Determined to show they mean business with 5G, their pilots vary from aeronautics to entertainment, remote healthcare, smart energy and factories.
Senior execs from operators gave their short presentations at a press conference hosted by standards body NGMN at MWC last week: NGMN kicked off 5G as we now know it with a white paper back in 2015.
The presentations were introduced by Orange’s Emmanuel Lugagne Delpon who is also chair of NGMN’s board. He stressed that “strong and continuous engagement between operators and vertical Industries in tests, trials and prototype solutions is key to make these use cases and prototypes a reality”.
He said the following outlines of ongoing pilot schemes show “practical use cases that have been realised jointly with our industry partners”. Clearly from what came next, campus networks are looming large in many operators’ minds alongside immersive technologies (virtual and augmented, or as Microsoft describes it, ‘mixed’) reality for industrial and field purposes.
Emmanuel Lugagne Delpon, Senior Vice President at Orange Labs Networks, started the proceedings. He talked about how Orange is looking at how immersive technologies – such as augmented and virtual reality – can be used in industry. One pilot is using these technologies to explore improving time to repair in aeronautics.
Workers on the factory floor can see things like schematics on the visor screens and communicate with colleagues while keeping their hands free – and the work can be double checked more efficiently. Using these techs, companies will be able to run virtual maintenance centres and provider richer training and certification, according to the operator.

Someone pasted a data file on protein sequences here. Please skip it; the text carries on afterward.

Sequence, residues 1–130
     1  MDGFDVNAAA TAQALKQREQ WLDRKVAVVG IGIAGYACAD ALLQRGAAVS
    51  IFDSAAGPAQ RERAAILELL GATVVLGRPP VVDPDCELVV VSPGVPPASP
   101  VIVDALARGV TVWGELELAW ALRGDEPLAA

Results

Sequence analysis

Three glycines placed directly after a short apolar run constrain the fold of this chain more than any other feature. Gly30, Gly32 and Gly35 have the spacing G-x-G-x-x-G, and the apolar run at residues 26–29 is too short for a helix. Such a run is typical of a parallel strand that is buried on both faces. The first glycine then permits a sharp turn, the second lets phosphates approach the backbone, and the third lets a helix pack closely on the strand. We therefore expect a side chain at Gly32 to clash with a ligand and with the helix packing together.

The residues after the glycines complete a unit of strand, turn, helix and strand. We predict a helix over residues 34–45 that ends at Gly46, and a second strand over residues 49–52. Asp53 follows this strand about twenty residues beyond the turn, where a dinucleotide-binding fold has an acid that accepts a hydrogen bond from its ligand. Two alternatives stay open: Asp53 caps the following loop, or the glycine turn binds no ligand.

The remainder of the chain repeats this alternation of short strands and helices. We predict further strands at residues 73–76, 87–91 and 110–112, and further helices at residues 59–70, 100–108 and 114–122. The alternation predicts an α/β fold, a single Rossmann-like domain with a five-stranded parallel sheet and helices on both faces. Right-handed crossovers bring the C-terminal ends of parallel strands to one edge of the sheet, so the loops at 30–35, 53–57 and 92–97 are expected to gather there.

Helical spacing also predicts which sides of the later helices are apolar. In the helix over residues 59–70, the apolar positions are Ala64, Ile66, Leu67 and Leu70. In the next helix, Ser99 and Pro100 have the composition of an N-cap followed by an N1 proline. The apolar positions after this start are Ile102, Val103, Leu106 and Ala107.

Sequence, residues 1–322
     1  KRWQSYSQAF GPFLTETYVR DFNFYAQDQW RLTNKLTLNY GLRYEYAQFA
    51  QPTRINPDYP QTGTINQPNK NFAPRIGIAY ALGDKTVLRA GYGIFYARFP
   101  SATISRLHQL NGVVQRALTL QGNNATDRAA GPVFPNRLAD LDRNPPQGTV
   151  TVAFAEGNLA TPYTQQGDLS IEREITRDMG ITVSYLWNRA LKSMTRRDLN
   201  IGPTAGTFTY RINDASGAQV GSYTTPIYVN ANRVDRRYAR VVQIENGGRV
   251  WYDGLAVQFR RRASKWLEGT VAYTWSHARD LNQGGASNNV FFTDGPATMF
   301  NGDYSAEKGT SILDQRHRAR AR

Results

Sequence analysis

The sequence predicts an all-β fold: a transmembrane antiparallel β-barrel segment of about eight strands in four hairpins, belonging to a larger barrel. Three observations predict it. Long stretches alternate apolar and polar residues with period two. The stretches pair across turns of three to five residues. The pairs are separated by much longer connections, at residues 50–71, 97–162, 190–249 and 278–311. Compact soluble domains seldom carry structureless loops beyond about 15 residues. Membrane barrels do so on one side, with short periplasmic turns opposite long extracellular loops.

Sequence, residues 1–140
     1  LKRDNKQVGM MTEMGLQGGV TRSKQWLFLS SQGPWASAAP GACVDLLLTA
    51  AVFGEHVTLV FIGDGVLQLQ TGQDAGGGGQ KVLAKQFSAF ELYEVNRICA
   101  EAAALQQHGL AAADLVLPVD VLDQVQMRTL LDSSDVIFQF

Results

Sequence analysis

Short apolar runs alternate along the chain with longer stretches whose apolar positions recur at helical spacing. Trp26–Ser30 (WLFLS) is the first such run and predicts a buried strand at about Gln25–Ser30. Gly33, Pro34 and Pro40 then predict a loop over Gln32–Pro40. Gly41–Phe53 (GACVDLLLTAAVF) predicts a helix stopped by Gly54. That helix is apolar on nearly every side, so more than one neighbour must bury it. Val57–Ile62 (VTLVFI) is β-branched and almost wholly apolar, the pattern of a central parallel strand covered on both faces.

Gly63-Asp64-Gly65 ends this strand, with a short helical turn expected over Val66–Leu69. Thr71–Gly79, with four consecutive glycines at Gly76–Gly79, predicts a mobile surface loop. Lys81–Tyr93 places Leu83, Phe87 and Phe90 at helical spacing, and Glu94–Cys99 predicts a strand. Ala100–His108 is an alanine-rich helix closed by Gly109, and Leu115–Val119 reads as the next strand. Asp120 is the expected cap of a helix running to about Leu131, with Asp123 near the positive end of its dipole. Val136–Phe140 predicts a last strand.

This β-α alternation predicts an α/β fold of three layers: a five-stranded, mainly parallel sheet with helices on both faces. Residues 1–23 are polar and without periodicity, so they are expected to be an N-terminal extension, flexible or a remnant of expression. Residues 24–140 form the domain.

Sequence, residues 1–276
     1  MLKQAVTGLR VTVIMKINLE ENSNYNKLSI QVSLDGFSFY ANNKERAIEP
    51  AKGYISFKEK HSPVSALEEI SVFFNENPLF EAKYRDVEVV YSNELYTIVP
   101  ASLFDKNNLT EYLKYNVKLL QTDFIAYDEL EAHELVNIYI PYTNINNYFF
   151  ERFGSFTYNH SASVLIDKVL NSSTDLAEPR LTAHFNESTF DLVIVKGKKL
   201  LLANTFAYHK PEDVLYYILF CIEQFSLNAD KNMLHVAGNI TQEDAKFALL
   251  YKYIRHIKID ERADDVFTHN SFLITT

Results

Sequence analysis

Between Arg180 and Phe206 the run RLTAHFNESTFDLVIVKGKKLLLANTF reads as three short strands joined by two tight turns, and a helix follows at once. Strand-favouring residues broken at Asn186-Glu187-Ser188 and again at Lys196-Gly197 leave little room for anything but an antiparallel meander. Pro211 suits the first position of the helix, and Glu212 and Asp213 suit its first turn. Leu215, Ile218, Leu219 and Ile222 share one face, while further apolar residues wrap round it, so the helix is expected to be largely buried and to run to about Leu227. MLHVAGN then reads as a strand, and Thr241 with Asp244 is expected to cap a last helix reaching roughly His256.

Luke Ibbetson, head of the Vodafone Group Research and Development organisation, talked about Smart factories and industry automation, and how 5G could enable the transition from cabled factory infrastructure to fully wireless and mobile.
Dispensing with cables might not sound exciting, but they are immensely expensive to install and limit the configuration options within factories because of the expense and time involved in moving or changing them.
Vodafone’s vision is to connect tools, assembly stations, machines, autonomous vehicles and, presumably, people. Like DT, it intends to combine, seamlessly, private and public networks to provide dedicated radio coverage, capacity planning for factories and warehouses, and local compute for AI to the shop floor.
These will be enabled through public and private cellular networks that are optimised that are reliable, how low latency but high bandwidth, and service guarantees.
Deutsche Telekom’s Arash Ashouriha is SVP, Group Technology Innovation & deputy CTO. He explained how the company is looking at campus networks for smart manufacture, pointing to the previous day’s press conference on its work with the light technology company OSRAM. He stressed the unique ‘dual slicing’ aspect, and the advantages of combining public and private cellular connectivity for campus networks.
Igal Elbaz, SVP, Wireless Network Architecture and Design, AT&T, also spoke about campus networks, but this time in the entertainment industry, and specifically about using startup Magic Leap’s AR tech, to which the operator has exclusive rights wireless distribution rights in the US.
AT&T built a 5G zone at Magic Leap’s Plantation HQ in Florida in 2018, and is working with the company to develop solutions for business. Magic Leap has raised over $2 billion from investors including Google, J.P. Morgan and Alibaba.
Guangyi Liu is the CTO of Wireless & Device Department and leads the 5G R&D activities at China Mobile. His firm is running pilots for smart grid to optimise power production, transmission and consumption by connecting nodes right across the electricity lifecycle. He said smart power grids should be self-healing, safe, economical and enable a clean grid that provides high quality electricity.
Seizo Onoe, President at DOCOMO Technology, spoke about how 5G can improve remote healthcare and eliminate the inequality of access to services and treatment. A pilot scheme currently links Wakayama Medical University Hospital by a 4K video link to a remote clinic 40km away and a mobile clinic.